Five points for organizations to consider

For a long time, we as trans, gender nonbinary, and intersex (TGNBI)* individuals have been asking for organizations and institutions to be inclusive and understanding of our community,” summed up veteran community leader Bamby Salcedo in a recent conversation. “It has been a long struggle.”

In recent years, there has been more widespread attention to the disproportionate burden of HIV in trans communities—a recent meta-analysis found that trans women are 66 times more likely, and trans men almost seven times more likely, to be living with HIV than the general population of adults worldwide. Not only these stunning numbers, but also the conditions of social exclusion and constantly looming physical and structural violence that increase vulnerability to HIV among TGNBI communities, are also more widely known. However, the volume of groups providing authentically affirming, appropriate services for and with people of trans experience has not nearly kept pace with the magnitude of need for such spaces, nor have funds to support their creation.

POSITIVELY AWARE asked six stakeholders holding a range of roles—from training to cutting-edge research to grassroots organizational development and broader queer and women’s community leadership—for their thoughts on what organizations ought to consider, and often overlook, in approaching inclusion of transgender, gender nonconforming, and nonbinary clients and staff.

* A note about language: Slight differences in the ways interviewees refer to communities of transgender/gender nonconforming experience remain as they stated them, without being edited for consistency throughout this article. Acronyms are included at times for brevity.

Investing in community expertise

Tori Cooper, Director of Community Engagement for the Transgender Justice Initiative, Human Rights Campaign, Washington, D.C.: “I believe the single most important point is to have trans people at the center of the work: in decision-making, implementation and, when appropriate, evaluation processes. This starts by employing trans people to do ‘trans work.’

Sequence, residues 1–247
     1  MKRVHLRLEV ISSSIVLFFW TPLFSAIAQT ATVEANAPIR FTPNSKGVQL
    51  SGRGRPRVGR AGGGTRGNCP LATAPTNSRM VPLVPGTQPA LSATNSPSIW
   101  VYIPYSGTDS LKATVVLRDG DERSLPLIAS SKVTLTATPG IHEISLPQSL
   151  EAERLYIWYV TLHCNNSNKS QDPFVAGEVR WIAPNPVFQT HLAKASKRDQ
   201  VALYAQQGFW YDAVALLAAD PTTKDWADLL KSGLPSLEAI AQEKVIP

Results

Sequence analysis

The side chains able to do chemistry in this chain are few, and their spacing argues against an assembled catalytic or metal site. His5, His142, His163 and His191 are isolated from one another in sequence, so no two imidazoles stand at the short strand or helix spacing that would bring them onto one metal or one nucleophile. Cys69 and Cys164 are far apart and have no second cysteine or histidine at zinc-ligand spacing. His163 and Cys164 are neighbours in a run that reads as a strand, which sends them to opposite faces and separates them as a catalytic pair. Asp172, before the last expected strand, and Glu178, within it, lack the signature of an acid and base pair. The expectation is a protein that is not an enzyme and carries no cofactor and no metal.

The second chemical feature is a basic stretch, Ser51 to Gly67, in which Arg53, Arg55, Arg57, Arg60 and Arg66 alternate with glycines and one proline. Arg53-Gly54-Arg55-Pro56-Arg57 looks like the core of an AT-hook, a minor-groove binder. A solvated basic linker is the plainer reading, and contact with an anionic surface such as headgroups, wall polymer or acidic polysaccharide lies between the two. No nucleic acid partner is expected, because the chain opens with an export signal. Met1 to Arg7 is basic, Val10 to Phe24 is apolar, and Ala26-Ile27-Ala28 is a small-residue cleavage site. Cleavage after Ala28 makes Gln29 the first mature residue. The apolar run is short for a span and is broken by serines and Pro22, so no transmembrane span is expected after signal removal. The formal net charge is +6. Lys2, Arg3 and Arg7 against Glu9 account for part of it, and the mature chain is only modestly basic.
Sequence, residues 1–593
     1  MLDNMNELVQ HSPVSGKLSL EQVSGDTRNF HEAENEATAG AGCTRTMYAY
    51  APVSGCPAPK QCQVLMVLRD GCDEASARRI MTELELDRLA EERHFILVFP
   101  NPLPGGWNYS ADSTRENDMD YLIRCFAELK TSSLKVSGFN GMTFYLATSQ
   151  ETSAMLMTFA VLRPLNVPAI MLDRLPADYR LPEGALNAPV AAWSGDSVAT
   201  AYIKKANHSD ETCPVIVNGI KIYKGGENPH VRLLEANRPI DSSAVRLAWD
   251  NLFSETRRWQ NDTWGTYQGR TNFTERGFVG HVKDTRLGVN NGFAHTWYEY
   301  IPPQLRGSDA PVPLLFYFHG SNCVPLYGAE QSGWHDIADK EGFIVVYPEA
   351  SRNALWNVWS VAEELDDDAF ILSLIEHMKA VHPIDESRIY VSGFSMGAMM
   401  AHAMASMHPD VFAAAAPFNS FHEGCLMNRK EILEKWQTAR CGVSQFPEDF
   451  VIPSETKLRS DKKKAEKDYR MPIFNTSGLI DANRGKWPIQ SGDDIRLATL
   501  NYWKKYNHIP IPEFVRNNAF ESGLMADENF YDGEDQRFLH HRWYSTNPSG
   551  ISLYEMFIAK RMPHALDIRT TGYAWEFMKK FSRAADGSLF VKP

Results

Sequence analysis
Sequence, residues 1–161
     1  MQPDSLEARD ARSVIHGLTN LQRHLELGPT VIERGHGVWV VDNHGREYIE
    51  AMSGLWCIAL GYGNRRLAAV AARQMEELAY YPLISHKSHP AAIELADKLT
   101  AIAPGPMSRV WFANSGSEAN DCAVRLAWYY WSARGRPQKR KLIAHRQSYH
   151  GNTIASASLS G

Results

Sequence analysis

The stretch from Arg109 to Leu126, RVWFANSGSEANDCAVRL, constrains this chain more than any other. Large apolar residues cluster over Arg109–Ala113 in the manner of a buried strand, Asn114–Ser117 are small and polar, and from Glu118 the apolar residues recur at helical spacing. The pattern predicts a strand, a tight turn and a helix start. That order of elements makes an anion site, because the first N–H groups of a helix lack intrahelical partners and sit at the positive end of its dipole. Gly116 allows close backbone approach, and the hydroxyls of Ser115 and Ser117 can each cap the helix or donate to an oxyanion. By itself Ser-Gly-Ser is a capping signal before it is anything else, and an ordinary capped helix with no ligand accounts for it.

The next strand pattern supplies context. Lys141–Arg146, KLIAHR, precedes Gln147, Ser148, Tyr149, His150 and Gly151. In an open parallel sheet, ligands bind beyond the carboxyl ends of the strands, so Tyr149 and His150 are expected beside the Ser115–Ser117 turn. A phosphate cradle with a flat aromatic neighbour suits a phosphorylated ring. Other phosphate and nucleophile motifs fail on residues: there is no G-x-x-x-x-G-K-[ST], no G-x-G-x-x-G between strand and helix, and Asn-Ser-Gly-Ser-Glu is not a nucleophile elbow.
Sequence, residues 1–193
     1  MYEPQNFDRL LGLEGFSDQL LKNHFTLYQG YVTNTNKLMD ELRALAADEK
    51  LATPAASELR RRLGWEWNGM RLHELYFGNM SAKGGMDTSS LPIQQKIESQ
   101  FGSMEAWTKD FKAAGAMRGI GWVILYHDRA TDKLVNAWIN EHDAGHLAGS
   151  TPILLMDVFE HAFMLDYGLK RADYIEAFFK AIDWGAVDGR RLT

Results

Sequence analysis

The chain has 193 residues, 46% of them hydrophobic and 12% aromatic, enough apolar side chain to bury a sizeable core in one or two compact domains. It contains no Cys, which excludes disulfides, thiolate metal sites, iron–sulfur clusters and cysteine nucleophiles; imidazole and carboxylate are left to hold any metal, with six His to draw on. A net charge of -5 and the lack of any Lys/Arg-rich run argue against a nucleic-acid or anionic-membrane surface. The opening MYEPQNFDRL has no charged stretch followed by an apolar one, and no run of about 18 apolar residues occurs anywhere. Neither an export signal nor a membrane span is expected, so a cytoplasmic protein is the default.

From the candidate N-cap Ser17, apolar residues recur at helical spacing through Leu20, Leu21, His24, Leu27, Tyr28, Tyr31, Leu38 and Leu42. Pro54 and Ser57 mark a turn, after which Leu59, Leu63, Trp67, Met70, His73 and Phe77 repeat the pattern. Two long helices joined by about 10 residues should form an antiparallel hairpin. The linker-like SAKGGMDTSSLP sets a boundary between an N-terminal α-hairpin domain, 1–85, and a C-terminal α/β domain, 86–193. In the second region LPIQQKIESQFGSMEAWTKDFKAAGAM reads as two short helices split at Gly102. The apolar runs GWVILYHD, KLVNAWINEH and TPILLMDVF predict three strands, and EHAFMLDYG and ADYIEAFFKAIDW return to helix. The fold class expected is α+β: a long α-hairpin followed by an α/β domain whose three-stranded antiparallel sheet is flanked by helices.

“Being the ‘first’ or ‘only’ comes with a certain level of tokenism in itself. It is the responsibility of the individual to open doors for others. But it should also be the priority of every institution to increase diversity in myriad ways.”

Tonia Poteat, PhD, MPH, PAC, Associate Professor of Social Medicine at University of North Carolina System, Durham, North Carolina: “Promoting and supporting trans/nonbinary [TNB] leadership within and outside the organization is important for equitable partnerships. Hiring TNB people into meaningful positions in the organization is important and may require identifying existing barriers to employment [e.g., unnecessary background checks or educational requirements] and removing those barriers.”

Bambi Salcedo (photo by Paolo Riveros)

Bamby Salcedo, Cofounder, President and CEO of Translatin@ Coalition and the Center for Violence Prevention and Transgender Wellness, Los Angeles: “Even some of us who are employed at organizations that have programs specifically dedicated for trans people are also limited by, for one, not necessarily having decision-making power [in the organization]. 

“Although there are some organizations that do understand the struggle and experience of TGNBI people, we as a community have also realized that we have to create our own organizations.”

Heidi Breaux (photo by Ben Collongues)

Heidi Breaux, DWS, LCSW-R   Founder, Heidi Breaux Consulting, LLC, New Orleans, Louisiana: “TNB people should be on every board and every executive team of every organization that is LGBTQIA+ serving. It is long past time we stop defining people by their educational experience and credentials.